Integration of Health Care and Housing Systems is Absolutely Essential
A key premise of the Bipartisan Policy Center’s report, Healthy Aging Begins at Home, is that a greater integration of American’s health care and housing systems will be absolutely essential to help manage chronic disease, improve health outcomes for seniors, and enable millions of American to age successfully in their own homes and communities. Research, tools, guides and education are available to support you in integrating health and housing in your community.
What You Need to Know
- Medicare Beneficiaries Living In Housing With Supportive Services Experienced Lower Hospital Use Than Others
Read: Selfhelp reduces expensive hospital services.
- The Impact of the Vermont Support and Services at Home Program on Healthcare Expenditures
Read: SASH demonstrates statistically significant results in urban areas.
- HUD assisted Medicare/Medicaid Enrollees (MME) age 65+ had more chronic conditions which translated into higher health care utilization and payments than unassisted MME in the community.
Read: “Picture of Housing and Health”
- Enterprise Community Partners has developed a guide to help affordable housing providers address the needs of aging tenants.
Read: “A Guide For Housing Providers and Property Managers”
- The Brookings Institution has identified a number of recommendations to address ways in which housing can be a crucial part of inter-sector partnerships and social services.
Read: “Housing as a Hub for Health, Community Services and Upward Mobility”
- NeighborWorks offers cutting edge training at their National Training Institutes (NTI) including a course on Health and Housing
- The LeadingAge Center on LTSS at UMass Boston, National Well Home Network and Harvard Medical School co-author paper on potential financing sources for services
- Read: Exploring Financing Options for Services in Affordable Senior Housing Communities
- May 2019 issue of Health Affairs shines the light on the 14.4 M seniors in the US that will be unable to afford housing or health care over the next decade
- Read: What Can Be Done To Better Support Older Adults To Age Successfully In Their Homes And Communities?
- Selfhelp in Queens New York documents reduced utilization of health care services and reduced Medicare and Medicaid claims when services are embedded in housing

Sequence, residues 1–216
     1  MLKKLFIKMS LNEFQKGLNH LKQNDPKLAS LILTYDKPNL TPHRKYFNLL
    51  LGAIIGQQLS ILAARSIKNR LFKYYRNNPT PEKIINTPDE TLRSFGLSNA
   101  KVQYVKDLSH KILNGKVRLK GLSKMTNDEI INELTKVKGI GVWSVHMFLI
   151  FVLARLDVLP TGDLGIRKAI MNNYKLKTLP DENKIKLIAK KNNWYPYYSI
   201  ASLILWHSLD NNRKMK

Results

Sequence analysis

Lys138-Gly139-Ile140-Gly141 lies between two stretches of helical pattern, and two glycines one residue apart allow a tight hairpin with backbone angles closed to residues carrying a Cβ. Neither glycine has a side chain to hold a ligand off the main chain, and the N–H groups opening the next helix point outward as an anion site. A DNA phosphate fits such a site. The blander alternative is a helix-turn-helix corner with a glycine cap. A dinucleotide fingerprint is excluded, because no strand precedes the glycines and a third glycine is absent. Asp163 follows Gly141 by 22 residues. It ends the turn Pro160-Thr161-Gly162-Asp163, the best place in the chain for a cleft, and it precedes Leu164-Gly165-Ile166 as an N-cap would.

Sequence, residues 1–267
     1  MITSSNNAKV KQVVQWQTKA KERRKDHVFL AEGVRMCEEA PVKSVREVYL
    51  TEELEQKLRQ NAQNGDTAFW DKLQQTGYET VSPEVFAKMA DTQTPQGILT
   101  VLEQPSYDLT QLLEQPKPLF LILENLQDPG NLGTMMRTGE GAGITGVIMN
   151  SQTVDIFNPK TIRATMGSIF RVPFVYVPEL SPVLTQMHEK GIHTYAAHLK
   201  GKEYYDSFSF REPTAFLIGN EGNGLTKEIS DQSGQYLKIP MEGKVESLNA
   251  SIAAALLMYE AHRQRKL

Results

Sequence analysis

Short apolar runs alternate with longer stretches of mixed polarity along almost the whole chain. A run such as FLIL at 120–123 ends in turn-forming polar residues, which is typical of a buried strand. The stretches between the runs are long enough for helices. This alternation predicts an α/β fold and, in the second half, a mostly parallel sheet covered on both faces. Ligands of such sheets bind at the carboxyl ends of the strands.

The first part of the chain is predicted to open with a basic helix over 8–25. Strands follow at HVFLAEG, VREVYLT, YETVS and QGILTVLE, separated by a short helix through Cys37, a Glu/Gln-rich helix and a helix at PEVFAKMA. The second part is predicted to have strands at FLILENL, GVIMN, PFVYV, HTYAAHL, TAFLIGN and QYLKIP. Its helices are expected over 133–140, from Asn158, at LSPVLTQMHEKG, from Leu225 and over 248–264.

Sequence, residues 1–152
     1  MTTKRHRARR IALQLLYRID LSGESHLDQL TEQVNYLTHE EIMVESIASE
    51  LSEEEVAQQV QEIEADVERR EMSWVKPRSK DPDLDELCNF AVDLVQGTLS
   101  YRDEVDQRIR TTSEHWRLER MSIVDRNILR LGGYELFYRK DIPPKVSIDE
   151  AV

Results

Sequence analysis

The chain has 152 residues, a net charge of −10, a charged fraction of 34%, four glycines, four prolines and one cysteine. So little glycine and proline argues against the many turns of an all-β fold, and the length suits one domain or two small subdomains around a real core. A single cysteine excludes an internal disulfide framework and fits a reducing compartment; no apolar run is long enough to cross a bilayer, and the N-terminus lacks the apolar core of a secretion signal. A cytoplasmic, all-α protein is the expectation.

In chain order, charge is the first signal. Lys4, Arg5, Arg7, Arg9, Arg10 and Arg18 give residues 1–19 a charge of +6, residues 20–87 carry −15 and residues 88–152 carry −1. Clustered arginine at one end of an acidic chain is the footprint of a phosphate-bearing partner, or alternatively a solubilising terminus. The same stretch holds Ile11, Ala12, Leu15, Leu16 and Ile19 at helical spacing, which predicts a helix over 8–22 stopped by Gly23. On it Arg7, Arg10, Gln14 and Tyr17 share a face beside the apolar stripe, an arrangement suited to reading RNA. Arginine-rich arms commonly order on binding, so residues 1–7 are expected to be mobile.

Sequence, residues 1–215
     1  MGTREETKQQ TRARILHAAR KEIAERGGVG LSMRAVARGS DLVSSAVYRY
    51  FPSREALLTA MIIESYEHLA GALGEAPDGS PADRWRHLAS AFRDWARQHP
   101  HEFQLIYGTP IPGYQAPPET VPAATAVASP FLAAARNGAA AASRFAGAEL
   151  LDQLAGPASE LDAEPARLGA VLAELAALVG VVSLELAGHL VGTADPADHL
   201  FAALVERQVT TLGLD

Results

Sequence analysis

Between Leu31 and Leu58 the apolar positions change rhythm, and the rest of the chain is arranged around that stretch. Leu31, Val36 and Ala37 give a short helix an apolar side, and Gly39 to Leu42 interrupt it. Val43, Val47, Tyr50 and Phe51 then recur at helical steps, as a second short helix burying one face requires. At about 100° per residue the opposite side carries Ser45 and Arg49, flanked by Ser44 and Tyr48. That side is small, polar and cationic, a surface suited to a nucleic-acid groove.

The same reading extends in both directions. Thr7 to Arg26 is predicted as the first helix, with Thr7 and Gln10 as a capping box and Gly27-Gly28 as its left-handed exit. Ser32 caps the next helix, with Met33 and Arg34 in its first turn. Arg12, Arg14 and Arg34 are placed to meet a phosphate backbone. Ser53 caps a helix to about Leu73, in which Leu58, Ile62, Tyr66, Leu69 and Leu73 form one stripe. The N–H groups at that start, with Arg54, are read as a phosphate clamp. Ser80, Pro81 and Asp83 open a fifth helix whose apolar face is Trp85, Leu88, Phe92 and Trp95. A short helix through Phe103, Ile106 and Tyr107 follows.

- Read: Medicare Beneficiaries Living In Housing With Supportive Services Experienced Lower Hospital Use Than Others
Does your state have counties with a population of 160,000 or more?
Support And Services at Home (SASH) uses housing as a platform to improve health and reduce costs through a coordinated place-based approach that provides older residents, and persons with special needs, the supports needed to allow them to remain at home rather than requiring costly post-acute and institutional care. A dedicated two-person team works with primary care practices, hospitals and social service agencies to ensure that individuals residing in a designated housing site are afforded access to and utilize key health and social supports. A person-centered approach, uniform assessment, shared care plan, centralized database and use of evidence-based practices empowers participants to age how and where they choose.
Impact of SASH
SASH demonstrates a statistically significant reduction in the growth of Medicare spending and reduced hospitalizations. Best results were in the early cohort in Chittenden County with a population of 160,000 as compared to very rural counties.
Inspired by the SASH model, the Department of Housing & Urban Development has designed a three year demonstration, IWISH (Integrated Wellness in Supportive Housing). The demonstration is slated to end in September, 2020.
Courtesy Saint Elizabeth Community
Saint Elizabeth Community
Saint Elizabeth Community was the first housing nonprofit in the country to replicate SASH. SEC intends to bring SASH to scale across RI which has 15,000 publicly assisted senior housing rental units. SEC’s first SASH site is The Place in Providence RI. A HUD Section 202 built in the early 1980’s, The Place has 149 apartments and is occupied by a largely Spanish-speaking population eligible for both Medicare and Medicaid.
If you are committed to putting seniors in the driver’s seat and integrating where people live and their health care, please join the movement!